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Late yesterday, the southern California company announced its buy of Construction BI, an AI-driven analytics company for the construction industry. This follows Procore’s July purchase of Honest Buildings, a provider of project management software for owners and developers, and its September 2018 acquisition of BIManywhere, a visual BIM (building information modeling) collaboration platform for construction and facilities management.
Founded in 2002, Procore’s cloud-based software is aimed at streamlining a variety of processes for the construction industry, a sector that has historically been slow to adopt technology. Per itself, “Procore connects people, applications, and devices through a unified platform to help construction professionals manage risk and build quality projects—safely, on time, and within budget.”
Procore, which operates as a SaaS company, has seen impressive growth in recent years. It currently has more than 1,800 employees, up 600 compared to a year ago, across 13 offices globally. Procore has also seen its ARR (annual recurring revenue) surge from under $10 million in 2014 to over $250 million today. In December, we reported how the company had tripled its valuation to $3 billion after raising a $75 million Series H from Tiger Global Management.
Yesterday, I talked with Procore Founder and CEO Craig “Tooey” Courtemanche by phone about the company’s M&A strategy, and he told me “this is just the beginning.”
“We have a full-time team of folks evaluating opportunities for us to bring cultures, products and companies into the Procore ecosystem through M&A,” he said. “We have a deep pipeline of companies we’re always looking at, and expect to do at least one more this year.”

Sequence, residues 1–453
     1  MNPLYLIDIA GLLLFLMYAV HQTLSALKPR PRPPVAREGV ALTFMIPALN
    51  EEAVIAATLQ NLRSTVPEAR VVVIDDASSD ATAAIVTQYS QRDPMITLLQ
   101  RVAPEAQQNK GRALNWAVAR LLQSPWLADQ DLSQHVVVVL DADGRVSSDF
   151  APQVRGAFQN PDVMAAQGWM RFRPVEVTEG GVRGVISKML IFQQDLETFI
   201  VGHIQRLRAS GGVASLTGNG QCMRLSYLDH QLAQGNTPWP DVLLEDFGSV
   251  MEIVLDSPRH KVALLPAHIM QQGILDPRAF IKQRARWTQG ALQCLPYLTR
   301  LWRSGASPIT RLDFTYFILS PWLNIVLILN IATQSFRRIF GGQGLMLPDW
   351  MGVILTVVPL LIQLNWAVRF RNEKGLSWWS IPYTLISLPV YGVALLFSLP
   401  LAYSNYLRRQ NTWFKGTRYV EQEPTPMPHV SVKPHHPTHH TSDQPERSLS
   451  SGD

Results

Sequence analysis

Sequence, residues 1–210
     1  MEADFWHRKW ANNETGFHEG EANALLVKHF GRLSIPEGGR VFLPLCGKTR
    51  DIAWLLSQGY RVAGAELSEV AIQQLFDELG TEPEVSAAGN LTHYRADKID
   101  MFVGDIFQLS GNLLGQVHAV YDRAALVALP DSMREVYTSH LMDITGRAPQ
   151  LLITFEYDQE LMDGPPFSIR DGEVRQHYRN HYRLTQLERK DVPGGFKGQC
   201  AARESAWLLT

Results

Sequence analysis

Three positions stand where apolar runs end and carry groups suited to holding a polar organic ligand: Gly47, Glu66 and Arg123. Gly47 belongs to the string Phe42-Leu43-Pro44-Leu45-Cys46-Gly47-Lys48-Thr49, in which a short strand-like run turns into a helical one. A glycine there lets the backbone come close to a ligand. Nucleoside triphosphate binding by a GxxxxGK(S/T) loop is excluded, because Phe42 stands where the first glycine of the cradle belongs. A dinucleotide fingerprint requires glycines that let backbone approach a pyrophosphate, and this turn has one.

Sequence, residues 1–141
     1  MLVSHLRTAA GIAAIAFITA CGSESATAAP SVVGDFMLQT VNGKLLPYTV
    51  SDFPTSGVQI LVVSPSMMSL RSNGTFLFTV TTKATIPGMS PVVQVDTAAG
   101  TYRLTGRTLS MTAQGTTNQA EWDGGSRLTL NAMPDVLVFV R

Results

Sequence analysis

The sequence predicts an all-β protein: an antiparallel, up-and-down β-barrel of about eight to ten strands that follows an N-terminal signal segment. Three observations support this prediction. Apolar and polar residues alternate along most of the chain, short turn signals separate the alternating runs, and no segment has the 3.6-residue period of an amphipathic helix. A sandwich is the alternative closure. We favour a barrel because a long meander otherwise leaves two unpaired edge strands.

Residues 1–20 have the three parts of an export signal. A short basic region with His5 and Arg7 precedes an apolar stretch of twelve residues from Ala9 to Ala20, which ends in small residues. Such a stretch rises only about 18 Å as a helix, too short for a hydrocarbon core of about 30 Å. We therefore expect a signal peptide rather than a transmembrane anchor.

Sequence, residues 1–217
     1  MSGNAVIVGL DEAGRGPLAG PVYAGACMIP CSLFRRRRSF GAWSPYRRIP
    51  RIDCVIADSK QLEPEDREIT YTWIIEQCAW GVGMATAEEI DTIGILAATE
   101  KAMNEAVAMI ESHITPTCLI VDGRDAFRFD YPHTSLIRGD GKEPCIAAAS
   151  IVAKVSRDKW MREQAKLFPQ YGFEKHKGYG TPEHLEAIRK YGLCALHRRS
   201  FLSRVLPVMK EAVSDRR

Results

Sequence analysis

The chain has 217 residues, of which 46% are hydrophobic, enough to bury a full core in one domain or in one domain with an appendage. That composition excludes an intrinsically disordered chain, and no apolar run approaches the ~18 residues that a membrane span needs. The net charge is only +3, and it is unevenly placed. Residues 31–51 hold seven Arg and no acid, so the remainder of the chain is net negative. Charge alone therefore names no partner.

In the case of Construction BI, the company’s founder Jason Ramsey had built his product on Procore’s app marketplace in 2017. After hearing nothing but “great things” from its customers who had adopted the technology, Procore made the move to acquire the company and integrate it into its platform.
Overall, M&A has been rampant in the construction tech industry, as we reported in May 2018. Over the years, large tech companies have been scooping up industry-focused startups that were developing relevant technologies faster than they could. These days, we’re just seeing more consolidation in the space in general, according to Crunchbase data. For example, in June Crestview Partners-backed Congruex, a provider of design and construction-related services to broadband service providers, announced it had purchased Terra Technologies, a specialized civil engineering and construction firm. And, software giant Autodesk acquired three startups last year, including its $875 million purchase of PlanGrid and $275 million buy of Buildingconnected.
Illustration: Li-Anne Dias